In this article, we explore the journey from robotic process automation (RPA) to intelligent automation (IA). We'll look at what is different, what technological changes we're seeing, how the nature of processes change, how people's expectations change and why enterprises have an existential imperative to embrace intelligent automation. Finally, we'll conclude with what business leaders need to do to help them succeed on this journey.
Let's get into it!
We all know RPA, well at least I hope we do! RPA is a business process automation technology that can mimic humans in interacting with software systems through graphical user interfaces or APIs. Intelligent automation is the next chapter in this journey, Intelligent Automation combines RPA with advanced technologies such as artificial intelligence, prescriptive analytics, intelligent document processing and process & task mining to deliver end-to-end business processes that think, learn and collaborate in real-time with humans as co-workers.
What is the journey from RPA to intelligent automation ?
Traditional RPA focuses on rule-based processes with structured data. For example, moving data from one system to another. Intelligent Automation, however, unlocks data-driven processes with unstructured data, for example, evaluating a car accident insurance claim by analyzing and classifying images and making decisions or recommendations on the claim outcome.
This change means automations shift from a focus on information worker tasks - where workers would traditionally access, transfer and carry out calculations on perfect-data-sets to a limited set of outcomes, to automation or augmentation of knowledge worker tasks - where decision making on imperfect information leads to highly variable outcomes.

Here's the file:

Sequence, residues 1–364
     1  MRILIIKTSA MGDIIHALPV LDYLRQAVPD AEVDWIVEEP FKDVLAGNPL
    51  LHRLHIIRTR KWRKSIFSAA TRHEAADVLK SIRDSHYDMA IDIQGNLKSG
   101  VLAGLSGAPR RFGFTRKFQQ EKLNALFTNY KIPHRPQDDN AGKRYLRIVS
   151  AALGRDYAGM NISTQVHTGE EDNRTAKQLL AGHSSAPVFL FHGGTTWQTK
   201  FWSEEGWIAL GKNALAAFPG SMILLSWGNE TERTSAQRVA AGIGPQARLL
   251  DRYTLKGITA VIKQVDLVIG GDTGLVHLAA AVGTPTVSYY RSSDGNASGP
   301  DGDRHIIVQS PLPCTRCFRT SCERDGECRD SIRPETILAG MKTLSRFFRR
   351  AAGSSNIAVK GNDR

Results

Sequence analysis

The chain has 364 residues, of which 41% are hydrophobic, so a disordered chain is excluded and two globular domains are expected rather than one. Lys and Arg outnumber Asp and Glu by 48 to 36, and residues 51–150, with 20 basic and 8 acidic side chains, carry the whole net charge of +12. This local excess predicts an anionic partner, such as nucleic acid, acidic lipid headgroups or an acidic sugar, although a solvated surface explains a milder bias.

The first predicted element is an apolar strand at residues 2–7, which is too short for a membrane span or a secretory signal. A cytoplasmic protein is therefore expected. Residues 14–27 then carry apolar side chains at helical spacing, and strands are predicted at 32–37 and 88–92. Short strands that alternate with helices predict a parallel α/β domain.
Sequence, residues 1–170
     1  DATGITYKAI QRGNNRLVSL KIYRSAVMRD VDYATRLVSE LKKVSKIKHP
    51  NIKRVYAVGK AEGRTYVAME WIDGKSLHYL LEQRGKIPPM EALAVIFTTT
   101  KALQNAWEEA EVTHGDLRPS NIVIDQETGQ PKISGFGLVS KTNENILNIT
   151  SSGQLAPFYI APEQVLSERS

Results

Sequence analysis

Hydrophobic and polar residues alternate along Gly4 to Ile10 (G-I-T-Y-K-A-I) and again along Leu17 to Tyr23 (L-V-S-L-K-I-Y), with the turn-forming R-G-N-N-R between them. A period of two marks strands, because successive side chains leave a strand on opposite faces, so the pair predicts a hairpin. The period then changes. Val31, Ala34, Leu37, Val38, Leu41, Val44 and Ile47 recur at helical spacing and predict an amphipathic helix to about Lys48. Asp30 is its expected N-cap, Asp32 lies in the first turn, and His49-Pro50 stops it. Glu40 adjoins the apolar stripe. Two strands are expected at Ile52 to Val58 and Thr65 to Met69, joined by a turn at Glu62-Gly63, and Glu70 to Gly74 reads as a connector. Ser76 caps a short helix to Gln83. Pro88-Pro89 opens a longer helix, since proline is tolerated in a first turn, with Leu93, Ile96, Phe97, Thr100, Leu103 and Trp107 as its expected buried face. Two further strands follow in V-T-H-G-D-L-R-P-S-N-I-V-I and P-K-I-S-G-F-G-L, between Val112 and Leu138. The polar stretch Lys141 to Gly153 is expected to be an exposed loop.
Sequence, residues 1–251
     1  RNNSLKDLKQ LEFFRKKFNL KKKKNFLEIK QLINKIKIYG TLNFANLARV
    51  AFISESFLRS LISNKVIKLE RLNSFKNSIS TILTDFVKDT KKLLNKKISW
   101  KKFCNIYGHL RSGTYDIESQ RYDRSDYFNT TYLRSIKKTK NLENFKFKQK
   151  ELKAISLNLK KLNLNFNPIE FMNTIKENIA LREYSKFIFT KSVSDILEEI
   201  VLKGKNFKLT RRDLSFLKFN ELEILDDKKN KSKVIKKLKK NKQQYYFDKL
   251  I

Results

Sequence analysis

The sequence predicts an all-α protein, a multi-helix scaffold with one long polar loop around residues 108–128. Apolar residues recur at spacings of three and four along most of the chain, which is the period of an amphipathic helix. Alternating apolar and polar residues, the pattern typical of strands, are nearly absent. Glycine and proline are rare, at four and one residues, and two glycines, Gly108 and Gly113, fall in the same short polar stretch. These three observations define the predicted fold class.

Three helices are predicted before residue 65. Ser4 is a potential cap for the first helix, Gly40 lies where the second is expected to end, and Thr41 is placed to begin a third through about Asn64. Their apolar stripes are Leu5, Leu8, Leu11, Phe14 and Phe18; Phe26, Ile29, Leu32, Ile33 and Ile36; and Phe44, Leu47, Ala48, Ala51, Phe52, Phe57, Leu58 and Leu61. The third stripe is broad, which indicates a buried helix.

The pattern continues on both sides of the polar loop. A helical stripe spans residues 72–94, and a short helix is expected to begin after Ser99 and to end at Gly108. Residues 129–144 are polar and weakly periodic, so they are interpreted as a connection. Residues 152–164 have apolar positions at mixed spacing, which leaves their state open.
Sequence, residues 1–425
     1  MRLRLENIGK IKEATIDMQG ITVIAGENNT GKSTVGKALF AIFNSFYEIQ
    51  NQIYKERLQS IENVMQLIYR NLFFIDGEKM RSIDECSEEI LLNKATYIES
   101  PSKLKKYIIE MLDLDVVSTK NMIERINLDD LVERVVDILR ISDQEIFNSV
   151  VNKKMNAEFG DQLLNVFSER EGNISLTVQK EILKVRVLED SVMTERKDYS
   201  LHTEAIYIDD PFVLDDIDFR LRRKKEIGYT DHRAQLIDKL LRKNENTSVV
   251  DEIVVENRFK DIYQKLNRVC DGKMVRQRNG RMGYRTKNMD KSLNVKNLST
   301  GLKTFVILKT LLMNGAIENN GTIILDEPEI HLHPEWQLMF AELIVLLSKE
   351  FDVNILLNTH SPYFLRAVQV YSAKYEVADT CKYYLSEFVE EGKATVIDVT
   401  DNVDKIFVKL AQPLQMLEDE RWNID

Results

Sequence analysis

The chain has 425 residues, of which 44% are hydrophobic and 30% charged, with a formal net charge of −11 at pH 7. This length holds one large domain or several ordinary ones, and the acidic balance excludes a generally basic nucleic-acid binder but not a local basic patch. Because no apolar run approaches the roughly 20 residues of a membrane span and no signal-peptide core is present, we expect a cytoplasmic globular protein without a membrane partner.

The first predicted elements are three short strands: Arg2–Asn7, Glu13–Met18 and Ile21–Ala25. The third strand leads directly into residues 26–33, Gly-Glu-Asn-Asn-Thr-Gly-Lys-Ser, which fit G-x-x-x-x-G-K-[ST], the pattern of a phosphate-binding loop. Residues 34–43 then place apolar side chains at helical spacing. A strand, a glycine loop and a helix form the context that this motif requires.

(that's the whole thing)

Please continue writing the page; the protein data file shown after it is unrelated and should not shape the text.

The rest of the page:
From deterministic modes of operation using decision trees that expand exponentially with every new variable, to probabilistic modes of operation, powered by deep neural networks that can balance many different variables for an optimum outcome.
Intelligent automation enables use-cases that involve machine learning to bring together interactional, transactional, financial and operational data sources to not only provide insights but to segment, profile and make decisions.
Whereas in RPA, digital workers are usually separate from human workers, intelligent automation transforms digital workers into co-workers.
What are the technological changes powering intelligent automation?
Undoubtedly, the underlying technologies continue to become faster, easier to use, democratized, more powerful & cheaper. The center stage is machine learning, in particular deep learning. Deep learning involving neurons and synapses is similar to how biological brains operate. These enable digital robots to see using computer vision, understand language through natural language processes, and talk back through natural language generation. Figuring out the underlying processes through process synthesis and understanding their human counterparts through affective computing.
We're also seeing a wholesale shift from on-prem siloed software that is difficult to scale, to public/private cloud-enabled microservices that scale effortlessly.
Even the internet-of-things, which can be seen as dumb sensors that send data to servers, is giving way to internet-of-behaviors that combine behavioral sciences, edge analytics and sensors to understand the how and the why, far beyond just reporting on the what.
How do processes change as we embrace intelligent automation?